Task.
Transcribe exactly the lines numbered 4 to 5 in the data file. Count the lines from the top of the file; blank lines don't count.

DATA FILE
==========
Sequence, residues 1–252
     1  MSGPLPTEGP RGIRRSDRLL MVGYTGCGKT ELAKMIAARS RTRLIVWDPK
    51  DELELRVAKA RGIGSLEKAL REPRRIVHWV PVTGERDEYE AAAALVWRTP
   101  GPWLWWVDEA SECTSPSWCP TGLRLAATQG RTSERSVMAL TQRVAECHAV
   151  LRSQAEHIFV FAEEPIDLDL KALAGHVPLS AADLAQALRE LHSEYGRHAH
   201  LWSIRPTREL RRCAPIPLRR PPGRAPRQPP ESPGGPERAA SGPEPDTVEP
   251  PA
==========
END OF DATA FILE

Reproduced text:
   101  GPWLWWVDEA SECTSPSWCP TGLRLAATQG RTSERSVMAL TQRVAECHAV
   151  LRSQAEHIFV FAEEPIDLDL KALAGHVPLS AADLAQALRE LHSEYGRHAH